De : Edward Cherlin <firstname.lastname@example.org>
>I forgot. German, too. Frisian, Swiss German, Yiddish, Pennsylvania
>"Dutch", Dutch, Flemish, Afrikaans...
Yes but isn't it interesting that Afrikaans is a language while Swiss German
is not usually regarded as one (which Swiss German dialect? Why not an
Austrian language then?) Obviously the standardization process an official
language goes through helps very much.
>The joke is evidently false in both directions. First, there are more
>than 6,000 languages and fewer than 200 national armies.
I believe that there are really at least two criteria to determine what a
language is : the fact that it cannot be understood by those that do not
speak it, and when it is understood the fact that it is standardized and
officialized (the army bit), that what's make us say that Picard is a
dialect of French and not that French is a dialect of Picard.
>Second, it is easy to cite pairs of countries, each with its own
>army, speaking what is universally regarded as dialects of the same
>language, as in the Francophonie, Austria/Germany, Spain/Latin
>America, Portugal/Brazil, UK/US/Canada/Australia/Liberia, and
>China/Taiwan/Singapore. (The case of Arabic is more complicated.)
>There are also cases of groups such as Jews, without an army of their
>own for well over 2,000 years, creating what are universally regarded
>as separate languages such as Yiddish and Ladino.
Yes, but this does not contradict what I said : what distinguishes the
official language from its dialects is its "officialness" (its army), this
does not mean that several countries could not adapt the same language,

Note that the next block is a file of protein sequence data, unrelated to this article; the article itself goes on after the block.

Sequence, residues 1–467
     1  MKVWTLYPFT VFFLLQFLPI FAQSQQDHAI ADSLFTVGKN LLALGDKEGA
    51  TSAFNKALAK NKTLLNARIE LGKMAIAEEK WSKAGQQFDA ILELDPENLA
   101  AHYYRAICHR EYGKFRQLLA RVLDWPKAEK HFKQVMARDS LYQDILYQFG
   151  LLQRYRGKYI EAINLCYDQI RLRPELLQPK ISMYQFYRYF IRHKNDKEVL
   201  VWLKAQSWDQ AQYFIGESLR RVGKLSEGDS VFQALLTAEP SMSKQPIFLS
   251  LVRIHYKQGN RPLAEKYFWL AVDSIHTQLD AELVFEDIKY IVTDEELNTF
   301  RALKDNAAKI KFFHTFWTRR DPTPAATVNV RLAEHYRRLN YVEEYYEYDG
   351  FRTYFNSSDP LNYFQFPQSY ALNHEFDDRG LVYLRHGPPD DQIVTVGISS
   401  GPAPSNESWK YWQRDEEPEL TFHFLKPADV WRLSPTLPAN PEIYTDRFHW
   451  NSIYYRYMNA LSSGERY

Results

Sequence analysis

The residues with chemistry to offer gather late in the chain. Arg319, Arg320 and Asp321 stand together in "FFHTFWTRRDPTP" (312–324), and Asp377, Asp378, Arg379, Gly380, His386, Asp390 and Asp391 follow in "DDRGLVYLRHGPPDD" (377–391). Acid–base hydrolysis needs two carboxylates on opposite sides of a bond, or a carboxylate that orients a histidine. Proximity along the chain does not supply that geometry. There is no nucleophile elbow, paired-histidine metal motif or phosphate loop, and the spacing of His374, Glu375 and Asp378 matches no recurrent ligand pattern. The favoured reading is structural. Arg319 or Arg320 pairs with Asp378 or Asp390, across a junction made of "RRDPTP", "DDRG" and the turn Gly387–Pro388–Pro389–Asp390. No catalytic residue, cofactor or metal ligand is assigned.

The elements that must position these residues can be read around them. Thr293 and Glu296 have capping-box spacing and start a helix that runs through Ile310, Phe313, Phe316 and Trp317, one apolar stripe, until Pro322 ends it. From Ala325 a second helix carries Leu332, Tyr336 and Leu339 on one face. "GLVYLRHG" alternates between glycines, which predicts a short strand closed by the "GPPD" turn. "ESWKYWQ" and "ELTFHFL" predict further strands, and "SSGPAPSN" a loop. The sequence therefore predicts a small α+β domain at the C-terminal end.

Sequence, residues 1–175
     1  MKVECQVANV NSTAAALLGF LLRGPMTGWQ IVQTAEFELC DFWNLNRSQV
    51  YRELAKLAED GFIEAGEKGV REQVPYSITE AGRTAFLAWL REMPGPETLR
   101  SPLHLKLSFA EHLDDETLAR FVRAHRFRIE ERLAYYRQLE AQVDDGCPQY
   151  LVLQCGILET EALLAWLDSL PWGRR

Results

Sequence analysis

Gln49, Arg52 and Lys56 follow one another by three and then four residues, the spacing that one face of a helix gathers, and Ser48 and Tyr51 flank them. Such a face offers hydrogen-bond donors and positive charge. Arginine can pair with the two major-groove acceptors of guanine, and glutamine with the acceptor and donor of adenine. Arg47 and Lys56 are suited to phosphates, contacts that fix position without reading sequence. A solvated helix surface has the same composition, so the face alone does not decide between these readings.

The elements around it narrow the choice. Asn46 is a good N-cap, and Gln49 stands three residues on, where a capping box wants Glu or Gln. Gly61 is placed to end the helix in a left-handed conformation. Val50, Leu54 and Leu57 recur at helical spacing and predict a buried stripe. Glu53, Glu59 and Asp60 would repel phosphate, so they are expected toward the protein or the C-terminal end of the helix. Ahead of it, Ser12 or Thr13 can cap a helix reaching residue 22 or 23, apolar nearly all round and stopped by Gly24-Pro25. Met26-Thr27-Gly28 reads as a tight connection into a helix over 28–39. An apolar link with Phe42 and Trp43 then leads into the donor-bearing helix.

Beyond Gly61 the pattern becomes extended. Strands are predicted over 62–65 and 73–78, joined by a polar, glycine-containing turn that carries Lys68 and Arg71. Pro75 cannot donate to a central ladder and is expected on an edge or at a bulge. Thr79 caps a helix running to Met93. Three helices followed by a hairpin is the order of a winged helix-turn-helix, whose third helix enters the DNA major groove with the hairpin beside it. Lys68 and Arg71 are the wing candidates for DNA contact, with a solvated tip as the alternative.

neither that languages that are clearly languages (and not dialects because
they are not understood by the speakers of official languages) do not exist
without states (no one is disputing that Apache is a language different from
>Louisiana Cajun (Acadien) and Haitian Creole French are
>perhaps the more extreme examples.
>I haven't heard Haitian called a separate language, and there is no doubt
about the existence of the
My point would be that if the Haitan military adopts Haitian creole as a
language (it officializes it), then it is surely a language. But it does not
mean that Haitian Creole is not a distinct language even without being
legally anointed: we would have to determine if it has sufficient
differences with other French creoles. If it is very different and
incomprehensible : it is a language. But again, even it is very close from
other Creoles, and thus a variant of a larger set, it may be *treated*
officially as a language if a country decides to adopt it as its official
language (the cases of the Scandinavian languages closer to each other than
some German dialects springs to mind). No one has as yet ever spoken about
the official dialect of a country.
This archive was generated by hypermail 2.1.2 : Tue Jul 10 2001 - 17:20:53 EDT